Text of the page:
What is jQuery?

With the technological boom happening and the use of websites being a prerequisite for any business, big or small, the demand for web development is on the rise. JQuery provides developers with the ability to create client-side web pages easily. In simpler terms, it is a feature-rich library provided by Javascript.   

So, let’s discuss in-depth the use of JQuery and how it can be useful to developers.

What is jQuery?

jQuery is a JavaScript framework. It facilitates the readability and the manipulation of HTML DOM elements, event handling, animations, and AJAX calls. It’s also free, open-source software that adheres to the MIT License. As a result, it is one of the most popular JavaScript libraries. 

The syntax of jQuery makes document navigation, DOM component selection, animation creation, event handling, and Ajax app development easier. 

It allows developers to create plug-ins that operate on top of the JavaScript library. Developers may use this to construct abstractions for low-level interaction and animation, complex effects, and themeable widgets at a high level. 

The modular nature of the jQuery framework allows developers to create complex dynamic web pages and apps. 

What is jQuery used for?

jQuery is an open-source JavaScript library. So when we need to write less and get more done, it’s light and convenient.

jQuery is a library that covers several common activities that require a lot of JavaScript code in different methods. Programmers may use a single line of code to invoke this function. As a consequence, including JavaScript in your website is straightforward. JavaScript is an independent programming language, whereas jQuery is a collection of JavaScript code (not its own language).

JQuery is a compact, quick JavaScript library packaged in a single.js file. It has several built-in functionalities that allow you to complete various activities fast and efficiently.

How to use jQuery?

jQuery’s main function is to use the DOM to link with HTML components in the browser.

The Document Object Model (DOM) is the interface between JavaScript (including jQuery) and the HTML in a browser. 

Example

Right-click on the current web page in your browser and select Inspect to see the DOM in detail. The browser will launch Developer Tools as a result of this action. The DOM is the HTML code you see here.

Each HTML element is a node in the DOM, which means it’s an object that JavaScript can interact with. These items are organised in a tree structure, with the root element being closest to it and each nested element being a branch farther down the tree. Developers can add, remove or change any of these items using JavaScript.

If you right-click the site again and select View Page Source, you’ll view the website’s raw HTML output. It’s easy to mix up the DOM with the HTML source at first, but they’re not the same thing: the page source is exactly what’s written in the HTML file. Furthermore, it is static and will not change, and JavaScript will have no effect on it. On the other hand, the Document Object Model (DOM) is dynamic and subject to change.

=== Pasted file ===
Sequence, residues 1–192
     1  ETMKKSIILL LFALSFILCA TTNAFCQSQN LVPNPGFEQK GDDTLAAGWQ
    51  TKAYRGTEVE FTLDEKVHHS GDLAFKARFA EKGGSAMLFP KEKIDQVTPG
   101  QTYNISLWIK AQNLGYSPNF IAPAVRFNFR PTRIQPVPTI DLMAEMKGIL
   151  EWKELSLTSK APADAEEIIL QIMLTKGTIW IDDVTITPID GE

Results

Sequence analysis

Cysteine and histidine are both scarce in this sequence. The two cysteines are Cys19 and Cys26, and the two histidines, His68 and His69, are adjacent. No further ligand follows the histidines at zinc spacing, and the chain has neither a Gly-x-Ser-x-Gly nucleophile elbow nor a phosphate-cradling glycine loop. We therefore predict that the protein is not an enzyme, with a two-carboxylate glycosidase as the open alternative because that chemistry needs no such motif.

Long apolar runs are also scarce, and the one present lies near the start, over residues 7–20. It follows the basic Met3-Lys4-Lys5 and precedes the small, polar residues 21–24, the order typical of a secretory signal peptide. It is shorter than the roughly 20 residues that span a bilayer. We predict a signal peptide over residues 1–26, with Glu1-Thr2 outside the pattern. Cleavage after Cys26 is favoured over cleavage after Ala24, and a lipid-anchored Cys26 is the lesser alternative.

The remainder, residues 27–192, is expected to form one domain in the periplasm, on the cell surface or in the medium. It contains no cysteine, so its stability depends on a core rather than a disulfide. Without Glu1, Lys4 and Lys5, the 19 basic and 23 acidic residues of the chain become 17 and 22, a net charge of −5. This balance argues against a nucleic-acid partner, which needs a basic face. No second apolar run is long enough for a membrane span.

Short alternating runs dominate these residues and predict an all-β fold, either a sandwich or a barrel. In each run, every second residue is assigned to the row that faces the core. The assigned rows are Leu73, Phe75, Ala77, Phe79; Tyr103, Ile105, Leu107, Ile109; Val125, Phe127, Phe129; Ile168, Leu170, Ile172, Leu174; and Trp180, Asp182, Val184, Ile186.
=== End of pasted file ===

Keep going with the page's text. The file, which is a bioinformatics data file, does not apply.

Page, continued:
The document object is the DOM’s outermost layer, which wraps around the whole html> node. Therefore, before modifying the page using jQuery, we must first make sure the document is “ready.”

In your js/ directory, create the scripts.js file and type the following code:

$(document).ready(function() {
    // enter the jQuery here
});

Developers can wrap the preceding code around any jQuery code you write. jQuery will detect this state of readiness, and the code inside this function will only run once the DOM is ready for JavaScript code to execute. 

Even though JavaScript may not be loaded until items are displayed, in some circumstances, incorporating this block is considered excellent practice.

Why use it?

jQuery is a cross-browser library that is small, fast, and packed with features. As a result, it is the most popular and widely used JavaScript framework among programmers, despite the fact that there are numerous JavaScript libraries available. Moreover, it is more flexible and straightforward to use than other JavaScript libraries.

jQuery requires significantly less code, offers a wide variety of online plug-ins, and is easy to use for web developers. It increases web pages’ interactivity, simplicity, and usability in all browsers. It may also be optimised for SEO and is simple to set up and utilise.

What kind of Plug-ins can be used?

The design of jQuery allows developers to write plug-in code to enhance its capabilities. jQuery plug-ins cover a wide range of capabilities, including Ajax helpers, Web services, data grids, dynamic lists, XML and XSLT tools, drag and drop, events, cookie management, and modal windows, among others. 

Developers can integrate a variety of useful features using jQuery plug-ins. Some of these include:

  • Chat-bot support
  • Video player capabilities
  • Popups
  • Menu tabs
  • And much more

jQuery has a “Learning Center” that may assist users in learning JavaScript and starting out with jQuery plug-in development. 

Developers may either write their own code from scratch or build on top of an existing framework to construct these plug-ins. 

Conclusion

We have covered most of the aspects of jQuery in this blog. After a page of HTML has been shown by the browser, the jQuery library makes it simple to change it. It also includes capabilities for listening for a user to interact with your website, creating animations, and communicating with a server without refreshing the page.

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